“You’ve Gotta Want It!” – Really?
I am currently reading “SHAM” by Steve Salerno, which is an expose of the Self Help and Actualization Movement in America. For the past 15-20 years I have read my fair share of these types of books. And as I read through SHAM I think to myself, “yeah, I thought that when I read that “(that being a particular book or author).
On the empowerment wing of the Self Improvement industry, as I prefer to call it, many authors preach the Tommy Lasorda line of “You Gotta Want It!” They say if you don’t achieve then you didn’t want it badly enough. The massive 2006 best seller “The Secret” by Rhonda Byrne is a great (or not so great) example of this infantile and very convenient way of thinking.
In SHAM, Mr Salerno recounts seeing Tommy Lasorda at an after dinner speech he was giving. He was recounting Kurt Gibson hitting a game winning home run in game 1 of the 1988 World Series; where Gibson, with 2 injured legs no less, hit the ball out of the park and limped round the bases fist pumping for a walk off home run. Lasorda said that nothing was going to stop Gibson that day – he just wanted it that badly.
Gibson “Really Wanting It”
Salerno then asks; “does that mean that the Oakland A’s pitcher, Dennis Eckersley, who gave up the home run didn’t want to win?” Eckersley is well known in Baseball as a fierce competitor; perhaps he was willing to let it slide on this day; it was only game 1 of the World Series after all!
This got me thinking about some my moments in the competitive spotlight; albeit in the rather niche sport of Powerlifting as opposed to the glamour of World Series Baseball.
It wasn’t at Dodger Stadium but at Bradford University in 2009! And it wasn’t the World Series but the much anticipated (by me anyway) World Drug Free Powerlifting Federation (WDFPF) Single Lift Championship. I was the reigning British National Champion; and I really, really, really wanted to be World Champ!
In Powerlifting (in this federation anyway) you arrive at the venue at a ridiculously early time to weigh in, and then wait impatiently to see the “flight” listings. This shows who you’re competing against and what their opening weights will probably be. I was opening at 210kg, my friend and British Powerlifting great “Sir” Les Pilling was opening at the same weight, and last on the list of 8 was an unknown (to me) Swiss named Michel Ortega opening at 240kg! I doubted that I had 240kg in me that day so there was only one thing for it – I had to really, really, really hope that he bombed out, which is lifting terminology for not getting a good lift in.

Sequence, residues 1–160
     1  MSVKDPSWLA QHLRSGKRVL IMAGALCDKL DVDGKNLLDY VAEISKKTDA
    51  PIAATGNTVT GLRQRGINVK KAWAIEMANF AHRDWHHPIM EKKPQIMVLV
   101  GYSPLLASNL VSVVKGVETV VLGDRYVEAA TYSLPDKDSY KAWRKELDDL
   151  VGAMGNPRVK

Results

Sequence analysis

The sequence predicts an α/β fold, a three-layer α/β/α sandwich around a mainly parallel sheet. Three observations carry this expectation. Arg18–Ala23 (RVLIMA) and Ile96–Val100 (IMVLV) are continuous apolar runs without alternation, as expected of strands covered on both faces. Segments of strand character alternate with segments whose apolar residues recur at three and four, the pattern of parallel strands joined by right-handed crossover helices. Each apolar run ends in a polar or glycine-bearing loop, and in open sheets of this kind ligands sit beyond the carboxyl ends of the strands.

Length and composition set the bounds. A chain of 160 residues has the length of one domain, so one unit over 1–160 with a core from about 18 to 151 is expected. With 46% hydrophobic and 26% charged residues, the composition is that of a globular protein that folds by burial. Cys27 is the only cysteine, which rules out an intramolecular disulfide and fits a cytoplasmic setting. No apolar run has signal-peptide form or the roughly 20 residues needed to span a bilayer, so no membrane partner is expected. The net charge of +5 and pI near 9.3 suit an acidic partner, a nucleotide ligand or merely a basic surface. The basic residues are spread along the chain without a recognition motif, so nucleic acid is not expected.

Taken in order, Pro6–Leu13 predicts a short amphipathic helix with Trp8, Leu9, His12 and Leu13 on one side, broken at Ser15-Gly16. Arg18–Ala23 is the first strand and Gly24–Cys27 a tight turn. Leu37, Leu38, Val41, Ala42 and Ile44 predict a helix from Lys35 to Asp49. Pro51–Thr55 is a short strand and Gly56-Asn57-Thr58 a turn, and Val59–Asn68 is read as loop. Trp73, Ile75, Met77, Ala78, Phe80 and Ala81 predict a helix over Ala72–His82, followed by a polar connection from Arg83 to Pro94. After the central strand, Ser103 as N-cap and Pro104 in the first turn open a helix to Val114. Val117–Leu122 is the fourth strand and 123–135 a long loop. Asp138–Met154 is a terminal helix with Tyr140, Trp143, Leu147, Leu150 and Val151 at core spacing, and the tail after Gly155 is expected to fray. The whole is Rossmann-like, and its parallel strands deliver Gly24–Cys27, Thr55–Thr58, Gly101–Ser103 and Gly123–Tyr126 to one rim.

I made my opener, and Les made his; we then ganged up in an attempt to pool our negative thoughts and make Ortega miss. At first it looked promising, Ortega had called the wrong rack height, this is the height at which one takes out the weight in order to Squat it. Obviously a loaded bar bends and this has to be taken into account when calling your rack height, which he had failed to do; sloppy preparation I thought.
Ortega took the bar out on his neck as opposed to his upper back; he then bounced the bar down his back to get it into the right position. Les and I looked at each other dumbfounded and then looked back in time to see Ortega drop into a deep Squat and blast back to standing as though it were an empty bar. The World title was lost; the new World Champs technique really sucked; but he obviously wanted it more than I did, he didn’t need to work on his technique just his “wanting it” power.
Ortega went on to set a single lift World Record of 255kg; Les was second with 240kg (an age group World Record), and I was third with 225kg, which was – err… 225kg
Me Congratulating Les on his 2nd place and World Record
So in the space of one blog I have destroyed the whole Self Improvement industry; OK, not really! But I have shown that sometimes at least, it doesn’t matter how much you want something; there might be someone less deserving than you, who hasn’t worked as hard as you, who’s not as consistent as you, who still kicks your butt. That’s life; and in this instance Mr Lasorda, you’re wrong, and I don’t care if you’re one of the greatest Baseball coaches of all time.
In closing I will say that, as with all things, follow this advice attributed to Bruce Lee, “take what is useful, and disregard what is not”. While there is undoubtedly much about the Self Improvement industry which borders on pseudoscience and outright profiteering there is still a good deal of common sense material for you to use, some of which I outline in my book, which can be found here –
The issue is being able to sort the wheat form the chaff, and for this one needs some basic critical thinking skills. I have read the following article many times and I still go back to it; I think it helps keep me sharp or at least not as open to ridiculous notions as I would otherwise be –
By the way, don’t be put off by the title; this article is really a critical thinking tool box.